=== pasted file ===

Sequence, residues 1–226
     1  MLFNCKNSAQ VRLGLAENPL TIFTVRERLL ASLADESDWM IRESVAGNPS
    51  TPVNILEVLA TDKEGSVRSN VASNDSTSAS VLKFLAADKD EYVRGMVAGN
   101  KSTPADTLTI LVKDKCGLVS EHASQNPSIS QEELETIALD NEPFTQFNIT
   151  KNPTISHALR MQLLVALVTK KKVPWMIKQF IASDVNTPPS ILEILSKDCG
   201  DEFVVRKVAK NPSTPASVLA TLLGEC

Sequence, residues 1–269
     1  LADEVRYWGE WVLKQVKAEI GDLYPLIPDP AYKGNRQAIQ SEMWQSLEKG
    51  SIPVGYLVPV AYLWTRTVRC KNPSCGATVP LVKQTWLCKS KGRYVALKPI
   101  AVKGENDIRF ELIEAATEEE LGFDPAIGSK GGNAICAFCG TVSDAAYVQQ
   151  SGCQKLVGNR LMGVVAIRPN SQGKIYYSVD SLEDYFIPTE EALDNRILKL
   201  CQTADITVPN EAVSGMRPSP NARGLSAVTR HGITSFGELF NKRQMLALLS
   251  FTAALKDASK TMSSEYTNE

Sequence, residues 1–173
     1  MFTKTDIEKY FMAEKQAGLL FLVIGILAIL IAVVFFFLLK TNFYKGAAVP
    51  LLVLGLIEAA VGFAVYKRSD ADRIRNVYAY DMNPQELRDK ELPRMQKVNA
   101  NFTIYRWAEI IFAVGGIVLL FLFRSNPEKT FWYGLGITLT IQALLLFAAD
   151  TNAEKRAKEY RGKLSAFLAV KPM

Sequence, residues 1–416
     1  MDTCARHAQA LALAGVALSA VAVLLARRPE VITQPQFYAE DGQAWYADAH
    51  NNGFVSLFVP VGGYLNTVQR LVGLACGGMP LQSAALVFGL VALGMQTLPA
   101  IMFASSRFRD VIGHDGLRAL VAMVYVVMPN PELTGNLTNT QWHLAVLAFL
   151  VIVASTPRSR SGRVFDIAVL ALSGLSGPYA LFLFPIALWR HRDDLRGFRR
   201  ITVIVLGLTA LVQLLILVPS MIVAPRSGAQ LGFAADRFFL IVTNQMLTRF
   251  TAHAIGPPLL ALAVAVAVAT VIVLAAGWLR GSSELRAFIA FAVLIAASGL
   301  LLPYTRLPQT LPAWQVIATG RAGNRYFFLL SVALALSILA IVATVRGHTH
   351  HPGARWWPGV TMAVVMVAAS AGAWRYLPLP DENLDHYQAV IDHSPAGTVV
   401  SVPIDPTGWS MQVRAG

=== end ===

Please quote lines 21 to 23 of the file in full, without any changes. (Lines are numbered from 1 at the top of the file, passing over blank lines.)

    51  NNGFVSLFVP VGGYLNTVQR LVGLACGGMP LQSAALVFGL VALGMQTLPA
   101  IMFASSRFRD VIGHDGLRAL VAMVYVVMPN PELTGNLTNT QWHLAVLAFL
   151  VIVASTPRSR SGRVFDIAVL ALSGLSGPYA LFLFPIALWR HRDDLRGFRR